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58 minutes ago, JSak said:

The only thing I can think of is that your local water treatment may have either allowed certain chemicals or metals into the tap water that you used recently or they may have added increased doses of chemicals to treat your tap water recently. I’ve heard that tap water isn’t always consistent and that the amount of chemicals, hardness, etc. can vary. I’m not too familiar with the process of water treatment, but when I was helping my girlfriend set up her tank we used her tap water to fill it up and there were no problems initially. Then, I changed about 20% of the water about a week later to show her how to do it and replaced it with tap water and the Amano shrimp and a nerite snail ended up dying within the next day. It sounds like you treat your water to dechlorinate it, but that’s the only thing I can think of since it sounds like you’ve been doing everything pretty consistently for quite a while. In my experience, having massive die off of shrimp in a short period of time usually means something changed suddenly that shocked the shrimp. RCS are probably genetically stronger than blue dreams, for the most part, so maybe they were able to handle whatever sudden change occurred. No new plants or shrimp that were added recently?

I'm thinking a similar thought about the tap water.

 

Nothing had changed in the tanks, because with the size, I didn't want to crowd it more and everything was going well the way it was.

 

Since new 20-gallon tanks are in the works at this time anyway, I'm thinking of using my lfs's R.O. water to eliminate the possibility of my tap water causing something like this. The new tanks will be heavily planted, so hopefully  the Nitrates will be better in control and water changes can be at a lower percentage.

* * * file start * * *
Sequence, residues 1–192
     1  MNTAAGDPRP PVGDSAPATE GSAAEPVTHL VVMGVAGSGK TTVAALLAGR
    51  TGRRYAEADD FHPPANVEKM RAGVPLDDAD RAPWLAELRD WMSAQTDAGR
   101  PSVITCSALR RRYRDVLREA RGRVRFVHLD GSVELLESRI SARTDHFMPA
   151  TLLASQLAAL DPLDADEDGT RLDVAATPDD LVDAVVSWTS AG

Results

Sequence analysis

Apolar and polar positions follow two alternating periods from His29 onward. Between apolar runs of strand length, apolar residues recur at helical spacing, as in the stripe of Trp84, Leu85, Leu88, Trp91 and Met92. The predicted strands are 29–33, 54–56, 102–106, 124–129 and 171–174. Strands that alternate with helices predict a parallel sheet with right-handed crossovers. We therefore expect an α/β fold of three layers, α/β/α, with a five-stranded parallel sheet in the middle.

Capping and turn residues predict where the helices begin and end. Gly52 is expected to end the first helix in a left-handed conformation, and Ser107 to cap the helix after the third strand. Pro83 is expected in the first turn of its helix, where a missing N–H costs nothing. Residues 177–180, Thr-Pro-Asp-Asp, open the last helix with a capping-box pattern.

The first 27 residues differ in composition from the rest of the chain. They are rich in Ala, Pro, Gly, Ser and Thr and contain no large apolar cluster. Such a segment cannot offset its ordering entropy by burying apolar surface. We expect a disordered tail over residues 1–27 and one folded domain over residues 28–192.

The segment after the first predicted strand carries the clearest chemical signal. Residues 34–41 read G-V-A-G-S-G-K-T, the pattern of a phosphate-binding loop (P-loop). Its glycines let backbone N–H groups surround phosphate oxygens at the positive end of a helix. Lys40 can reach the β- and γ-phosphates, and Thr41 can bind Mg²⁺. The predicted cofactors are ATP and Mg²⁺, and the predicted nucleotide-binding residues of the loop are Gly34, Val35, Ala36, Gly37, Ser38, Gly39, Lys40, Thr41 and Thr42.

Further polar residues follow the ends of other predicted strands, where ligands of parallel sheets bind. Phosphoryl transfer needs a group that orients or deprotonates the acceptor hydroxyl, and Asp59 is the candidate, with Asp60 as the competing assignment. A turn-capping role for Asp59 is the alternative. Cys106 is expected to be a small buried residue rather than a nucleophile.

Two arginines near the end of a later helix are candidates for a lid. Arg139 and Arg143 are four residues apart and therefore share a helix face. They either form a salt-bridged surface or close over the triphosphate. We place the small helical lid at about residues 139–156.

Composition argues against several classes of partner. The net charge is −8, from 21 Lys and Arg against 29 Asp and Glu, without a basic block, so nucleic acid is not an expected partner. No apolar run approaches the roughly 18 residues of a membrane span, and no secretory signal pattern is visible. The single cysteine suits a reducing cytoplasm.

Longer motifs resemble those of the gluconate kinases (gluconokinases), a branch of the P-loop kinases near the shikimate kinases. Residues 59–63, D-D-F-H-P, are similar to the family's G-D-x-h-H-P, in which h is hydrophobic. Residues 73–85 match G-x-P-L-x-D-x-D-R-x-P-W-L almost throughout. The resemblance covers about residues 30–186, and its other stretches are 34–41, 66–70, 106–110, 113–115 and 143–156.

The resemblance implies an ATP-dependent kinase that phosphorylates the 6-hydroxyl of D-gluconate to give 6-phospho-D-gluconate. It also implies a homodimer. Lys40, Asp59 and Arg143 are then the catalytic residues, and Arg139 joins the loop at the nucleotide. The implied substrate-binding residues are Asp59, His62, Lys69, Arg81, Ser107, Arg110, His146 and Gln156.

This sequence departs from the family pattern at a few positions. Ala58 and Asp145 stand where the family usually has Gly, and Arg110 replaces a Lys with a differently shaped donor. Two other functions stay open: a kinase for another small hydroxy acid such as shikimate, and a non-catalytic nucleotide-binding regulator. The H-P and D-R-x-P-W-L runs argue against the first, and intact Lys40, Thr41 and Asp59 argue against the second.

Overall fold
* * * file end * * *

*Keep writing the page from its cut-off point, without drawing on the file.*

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46 minutes ago, ricksza said:

I'm thinking a similar thought about the tap water.

 

Nothing had changed in the tanks, because with the size, I didn't want to crowd it more and everything was going well the way it was.

 

Since new 20-gallon tanks are in the works at this time anyway, I'm thinking of using my lfs's R.O. water to eliminate the possibility of my tap water causing something like this. The new tanks will be heavily planted, so hopefully  the Nitrates will be better in control and water changes can be at a lower percentage.

It sounds like you’re doing everything right, but if I had to guess I would think it’d be the tap water as treatment of tap water is the only thing that’s pretty much out of your control and it can be difficult to determine how they’re treating the water weekly or monthly. I’d definitely agree with your idea of using RO water and remineralizer since that will give you complete control of what’s going into your water. When I was in Washington, I had no success with shrimp keeping initially until I watched videos on YouTube and realized that tap water can be a bit of a risk. I found out that the tap water there was very chlorinated, which was most likely the cause of my lack of success. The more you can control in your tank, the better chances you’ll have of success. It can be a pain to get RO water if you’re not using your own RO unit, but it’s definitely worth it. I have to go to Walmart or Kroger for my water unfortunately since I live in an apartment complex and don’t have access to a hose faucet to hook an RO unit to, but all my shrimp are doing very well. Hope that helps!

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51 minutes ago, SudhirR said: